When you think about reckless driving behaviors, the first behaviors that come into your mind are drunk driving, speeding, street racing, and tailgating. Indeed, those behaviors are reckless, and they put at risk not just their doers, but also those who are around these doers.

But did you know that driving while fatigued can also be considered a reckless driving behavior? This is because fatigue has different effects on the driver’s body that can compromise his or her driving skills. In fact, according to the website of the Houston car accident lawyers of Williams Kherkher, those who have been hurt because of fatigued drivers may have legal options, such as getting compensation from the damages they have sustained.

In other words, fatigued drivers can get involved in an accident, get injured themselves, and still have to pay monetary compensation for the innocent parties they have involved. There is really no advantage of driving while fatigued.

Increased Irritability

If a driver is tired, he is more likely to be moody, because he just wants to get home and rest already. Even minor inconveniences can turn to road rage episodes. Increased irritability may also lead to increased tendency to do other reckless behaviors, such as speeding and weaving through traffic.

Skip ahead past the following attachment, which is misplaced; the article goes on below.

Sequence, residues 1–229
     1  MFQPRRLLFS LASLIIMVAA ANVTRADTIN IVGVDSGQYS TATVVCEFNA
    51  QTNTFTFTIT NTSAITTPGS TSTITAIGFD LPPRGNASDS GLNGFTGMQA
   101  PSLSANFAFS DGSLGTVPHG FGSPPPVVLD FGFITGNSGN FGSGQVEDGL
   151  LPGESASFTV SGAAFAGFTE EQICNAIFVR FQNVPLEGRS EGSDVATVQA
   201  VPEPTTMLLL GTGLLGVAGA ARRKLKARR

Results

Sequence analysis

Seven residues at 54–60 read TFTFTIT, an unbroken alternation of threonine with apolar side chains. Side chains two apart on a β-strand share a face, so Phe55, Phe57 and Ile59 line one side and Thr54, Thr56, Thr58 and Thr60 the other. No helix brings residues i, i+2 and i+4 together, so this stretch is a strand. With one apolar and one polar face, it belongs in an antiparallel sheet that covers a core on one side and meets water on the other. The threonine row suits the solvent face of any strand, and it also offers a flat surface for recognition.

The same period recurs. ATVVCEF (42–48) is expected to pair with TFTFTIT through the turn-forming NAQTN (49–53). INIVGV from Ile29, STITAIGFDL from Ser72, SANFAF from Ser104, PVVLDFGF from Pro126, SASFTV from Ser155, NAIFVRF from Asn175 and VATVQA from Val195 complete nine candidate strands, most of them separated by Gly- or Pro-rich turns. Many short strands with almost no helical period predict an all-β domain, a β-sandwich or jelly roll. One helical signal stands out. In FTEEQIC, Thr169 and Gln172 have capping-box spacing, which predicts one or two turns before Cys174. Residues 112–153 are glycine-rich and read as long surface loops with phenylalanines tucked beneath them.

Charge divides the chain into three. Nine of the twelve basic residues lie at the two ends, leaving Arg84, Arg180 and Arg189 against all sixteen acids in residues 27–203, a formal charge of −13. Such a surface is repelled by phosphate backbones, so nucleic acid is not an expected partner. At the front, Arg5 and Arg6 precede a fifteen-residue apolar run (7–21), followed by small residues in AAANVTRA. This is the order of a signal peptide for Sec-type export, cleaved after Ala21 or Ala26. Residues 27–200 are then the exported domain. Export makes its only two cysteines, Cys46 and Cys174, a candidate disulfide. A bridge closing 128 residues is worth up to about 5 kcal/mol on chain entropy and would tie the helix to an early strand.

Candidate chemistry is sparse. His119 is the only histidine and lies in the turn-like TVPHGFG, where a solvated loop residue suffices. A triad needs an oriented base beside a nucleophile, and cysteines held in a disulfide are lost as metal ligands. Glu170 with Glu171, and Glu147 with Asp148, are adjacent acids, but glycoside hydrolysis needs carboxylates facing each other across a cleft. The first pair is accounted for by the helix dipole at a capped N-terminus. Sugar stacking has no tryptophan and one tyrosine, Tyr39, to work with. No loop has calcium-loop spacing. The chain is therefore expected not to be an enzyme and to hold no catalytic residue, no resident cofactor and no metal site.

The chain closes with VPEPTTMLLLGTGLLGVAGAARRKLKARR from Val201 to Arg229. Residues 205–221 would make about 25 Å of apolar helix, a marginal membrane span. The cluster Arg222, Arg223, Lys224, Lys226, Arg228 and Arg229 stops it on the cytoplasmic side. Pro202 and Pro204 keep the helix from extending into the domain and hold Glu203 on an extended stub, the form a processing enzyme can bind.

Poor Comprehension

A tired driver has compromised cognitive abilities. This can be particularly dangerous on the road because there are various stimuli you need to comprehend, such as road signs and the positions of the vehicles and pedestrians around you. Poorly understanding these stimuli may result into poor decisions on the road.

Slow Reaction Time

This goes hand in hand with poor comprehension. For example, if you cannot effectively comprehend traffic light changes, turning vehicles, and crossing pedestrians, you may be giving yourself limited time to react to them as well.

Tendency to Fall Asleep

It is common knowledge that tiredness lead to sleepiness. This is dangerous when you are on the wheel. You can lose control of the vehicle and crash on your own or collide with an innocent motorist. Even if you don’t fall asleep, you may still close your eyes and nod your head from time to time, and this may compromise you vision.

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